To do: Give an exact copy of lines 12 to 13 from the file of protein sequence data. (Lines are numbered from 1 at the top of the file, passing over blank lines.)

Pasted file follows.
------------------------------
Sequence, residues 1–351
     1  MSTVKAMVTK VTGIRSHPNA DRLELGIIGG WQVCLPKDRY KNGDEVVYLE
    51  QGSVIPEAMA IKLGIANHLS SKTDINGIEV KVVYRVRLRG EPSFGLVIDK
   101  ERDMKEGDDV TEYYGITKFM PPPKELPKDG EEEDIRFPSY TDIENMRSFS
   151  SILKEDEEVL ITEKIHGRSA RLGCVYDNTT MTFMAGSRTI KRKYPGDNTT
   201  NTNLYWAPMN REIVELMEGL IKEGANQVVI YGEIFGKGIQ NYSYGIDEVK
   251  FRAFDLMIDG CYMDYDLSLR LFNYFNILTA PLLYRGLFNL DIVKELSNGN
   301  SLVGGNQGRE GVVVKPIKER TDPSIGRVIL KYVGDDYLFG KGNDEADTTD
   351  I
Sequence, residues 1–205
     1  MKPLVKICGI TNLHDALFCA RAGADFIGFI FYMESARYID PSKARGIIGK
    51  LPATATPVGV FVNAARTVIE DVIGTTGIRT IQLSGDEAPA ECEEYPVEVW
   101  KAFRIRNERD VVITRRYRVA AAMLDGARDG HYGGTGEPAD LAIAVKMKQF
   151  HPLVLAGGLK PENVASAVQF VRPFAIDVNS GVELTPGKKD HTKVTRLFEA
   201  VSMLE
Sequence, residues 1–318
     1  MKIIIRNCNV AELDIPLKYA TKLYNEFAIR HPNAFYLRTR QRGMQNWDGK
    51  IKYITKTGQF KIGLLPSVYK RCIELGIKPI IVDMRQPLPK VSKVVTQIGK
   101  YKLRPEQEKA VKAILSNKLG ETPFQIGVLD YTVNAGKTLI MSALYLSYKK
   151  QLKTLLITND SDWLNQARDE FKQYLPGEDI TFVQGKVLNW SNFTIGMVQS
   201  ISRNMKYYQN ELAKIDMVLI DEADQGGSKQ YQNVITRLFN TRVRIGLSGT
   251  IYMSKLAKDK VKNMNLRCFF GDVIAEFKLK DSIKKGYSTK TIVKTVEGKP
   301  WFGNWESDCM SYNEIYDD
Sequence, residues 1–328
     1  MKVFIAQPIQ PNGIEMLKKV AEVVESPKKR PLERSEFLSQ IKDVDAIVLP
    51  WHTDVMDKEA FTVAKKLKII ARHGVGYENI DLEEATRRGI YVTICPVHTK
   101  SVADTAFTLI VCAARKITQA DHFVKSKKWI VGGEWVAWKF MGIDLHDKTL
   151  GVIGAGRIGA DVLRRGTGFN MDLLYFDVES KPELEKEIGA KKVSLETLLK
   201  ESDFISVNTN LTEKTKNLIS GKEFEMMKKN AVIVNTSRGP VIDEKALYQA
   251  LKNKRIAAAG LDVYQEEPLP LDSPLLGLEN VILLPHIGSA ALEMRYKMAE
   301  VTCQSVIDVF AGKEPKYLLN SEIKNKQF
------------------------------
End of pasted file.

    51  LPATATPVGV FVNAARTVIE DVIGTTGIRT IQLSGDEAPA ECEEYPVEVW
   101  KAFRIRNERD VVITRRYRVA AAMLDGARDG HYGGTGEPAD LAIAVKMKQF